Structural Timber Design to Eurocode 5 provides practising engineers and specialist contractors with comprehensive, detailed information and in-depth guidance on the design of timber structures based on the common rules and rules for buildings in Eurocode 5 – Part 1-1. It will also be of interest to undergraduate and postgraduate students of civil and structural engineering. It provides a step-by-step approach to the design of all of the commonly used timber elements and connections using solid timber, glued laminated timber or wood based structural products, and incorporates the requirements of the UK National Annex. It covers: strength and stiffness properties of timber and its reconstituted and engineered products key requirements of Eurocode 0, Eurocode 1 and Eurocode 5 – Part 1-1 design of beams and columns of solid timber, glued laminated, composite and thin-webbed sections lateral stability requirements of timber structures design of mechanical connections subjected to lateral and/or axial forces design of moment resisting rigid and semi-rigid connections racking design of multi-storey platform framed walls Featuring numerous detailed worked examples, the second edition has been thoroughly updated and includes information on the consequences of amendments and revisions to EC5 published since the first edition, and the significant additional requirements of BSI non contradictory, complimentary information document (PD 6693-1-1) relating to EC5. The new edition also includes a new section on axial stress conditions in composite sections, covering combined axial and bending stress conditions and reference to the major revisions to the design procedure for glued laminated timber.
This first volume of eight from the IMAC-XXXII Conference, brings together contributions to this important area of research and engineering. The collection presents early findings and case studies on fundamental and applied aspects of Structural Dynamics, including papers on: Linear Systems Substructure Modelling Adaptive Structures Experimental Techniques Analytical Methods Damage Detection Damping of Materials & Members Modal Parameter Identification Modal Testing Methods System Identification Active Control Modal Parameter Estimation Processing Modal Data
Systems in timber engineering. Use of Cross laminated timber with two concrete examples" is my Final Project of Grade. This project summarizes the most common timber systems used over time. It studies thoroughly the wood product "Cross laminated timber", which is a relatively new wood product that was first introduced in the 1990's in Austria and has gained popularity in residential and non-residential buildings in many European countries and around the world in the recent past. Two specific projects of two existing single-family houses are designed with CLT solid wood panels. This paper is divided into three parts: In the first part an overview of the construction systems in timber construction is given. The systems are introduced, their characteristics and loadbearing performance are explained in a superficial way. The second part deals with Cross laminated timber. In this chapter, an extensive study of this wood system is carried out. X-LAM, its abbreviation, is introduced in many general aspects as a product. All the specific and technic information which is shown is, in particular, form the Austrian firm "KLH Massivholz Gmbh", which I had the pleasure and honour to visit. And in the final third part, two projects of two single-family houses are shown. Starting from a basic plan of the house, which have been obtained from two architects with which I'm truly grateful for their help, X-LAM system is used to design the house. Floor plans, sections, details and concrete component connections are designed.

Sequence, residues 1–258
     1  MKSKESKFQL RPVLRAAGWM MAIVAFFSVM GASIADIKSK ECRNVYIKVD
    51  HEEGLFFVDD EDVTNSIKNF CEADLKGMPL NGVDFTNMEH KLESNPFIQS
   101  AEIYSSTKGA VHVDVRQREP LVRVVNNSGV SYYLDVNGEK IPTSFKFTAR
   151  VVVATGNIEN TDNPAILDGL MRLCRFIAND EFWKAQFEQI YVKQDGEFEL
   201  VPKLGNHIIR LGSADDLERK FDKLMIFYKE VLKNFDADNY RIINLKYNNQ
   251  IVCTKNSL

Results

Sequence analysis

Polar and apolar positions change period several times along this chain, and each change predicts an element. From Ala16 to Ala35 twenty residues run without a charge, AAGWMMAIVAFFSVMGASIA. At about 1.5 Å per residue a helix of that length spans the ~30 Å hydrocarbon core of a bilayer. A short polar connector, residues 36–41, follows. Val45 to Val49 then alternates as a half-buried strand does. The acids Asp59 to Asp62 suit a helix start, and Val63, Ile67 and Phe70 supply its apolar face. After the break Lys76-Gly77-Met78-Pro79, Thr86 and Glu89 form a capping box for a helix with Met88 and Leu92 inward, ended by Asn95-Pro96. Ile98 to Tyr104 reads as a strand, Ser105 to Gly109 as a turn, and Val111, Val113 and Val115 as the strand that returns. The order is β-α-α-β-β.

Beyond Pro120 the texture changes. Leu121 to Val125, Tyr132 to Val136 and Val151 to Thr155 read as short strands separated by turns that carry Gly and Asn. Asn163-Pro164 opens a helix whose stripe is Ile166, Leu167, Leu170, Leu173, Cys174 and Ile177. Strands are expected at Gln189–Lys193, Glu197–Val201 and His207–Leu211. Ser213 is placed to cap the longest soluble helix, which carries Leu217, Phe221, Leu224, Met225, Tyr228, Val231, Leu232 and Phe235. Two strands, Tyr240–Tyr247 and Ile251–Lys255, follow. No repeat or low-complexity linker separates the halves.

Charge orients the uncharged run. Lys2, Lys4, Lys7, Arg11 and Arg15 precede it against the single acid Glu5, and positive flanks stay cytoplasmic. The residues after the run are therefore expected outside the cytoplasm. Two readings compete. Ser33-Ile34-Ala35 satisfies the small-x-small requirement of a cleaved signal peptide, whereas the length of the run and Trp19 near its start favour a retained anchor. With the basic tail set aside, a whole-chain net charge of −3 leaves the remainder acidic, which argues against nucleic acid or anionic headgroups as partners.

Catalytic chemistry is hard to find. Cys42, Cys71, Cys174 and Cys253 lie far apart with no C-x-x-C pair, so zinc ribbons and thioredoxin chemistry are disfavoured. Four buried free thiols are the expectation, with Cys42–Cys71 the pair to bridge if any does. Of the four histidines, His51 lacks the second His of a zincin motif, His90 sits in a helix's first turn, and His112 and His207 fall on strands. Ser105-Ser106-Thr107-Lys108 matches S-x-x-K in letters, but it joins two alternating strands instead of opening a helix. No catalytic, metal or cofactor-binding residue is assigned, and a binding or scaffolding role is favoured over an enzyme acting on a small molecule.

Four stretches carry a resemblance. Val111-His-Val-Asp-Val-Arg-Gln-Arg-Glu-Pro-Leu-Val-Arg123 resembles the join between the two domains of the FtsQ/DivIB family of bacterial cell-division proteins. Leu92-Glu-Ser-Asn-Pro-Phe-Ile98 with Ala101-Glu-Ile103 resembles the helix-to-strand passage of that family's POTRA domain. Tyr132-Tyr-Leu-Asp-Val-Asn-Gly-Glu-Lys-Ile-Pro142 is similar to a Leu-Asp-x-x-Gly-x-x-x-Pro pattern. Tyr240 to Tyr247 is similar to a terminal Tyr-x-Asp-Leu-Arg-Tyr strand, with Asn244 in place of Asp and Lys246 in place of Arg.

Highlights: Racking performance of timber frame wall (OSB) and CLT walls has been conducted. Against lateral load, CLT walls is more resistant than OSB panel design. The number of internal rotational moments that are created in each shear plane of intersection in the wall is a key parameter. An analytical model evaluate the internal forces on each fastener. Abstract: This paper focuses mainly on the mechanical behaviour of unclassified cross-laminated timber walls under lateral loading (seismic and wind loads). Unclassified wooden planks were used to construct the wall unit with an odd number of layers (three) for each wall, with the planks in each layer in a perpendicular relative orientation. In this research, an experimental study of large-scale timber walls was carried out with a view to determining the lateral load resistance. Diagonal struts, under tension and compression were employed on the cross-laminated walls to investigate the effects of these elements on the lateral resistance of the wall. A theoretical approach has been developed to describe the overall behaviour of the cross-laminated wall and to investigate the internal forces on the fasteners. The present work is then compared to Oriented Strand Board (OSB) panel designs. Based on the data and results obtained from the experimental tests, this study confirms, firstly, that cross-laminated walls without a diagonal strut have approximately double the horizontal strength of (OSB) panels, secondly, that diagonal strut significantly increases the lateral load resistance of cross-laminated walls, particularly under compression conditions, and thirdly, the proposed theoretical approach shows similar performance to the average experimental test up to 100mm of overall lateral displacement of cross-laminated timber wall.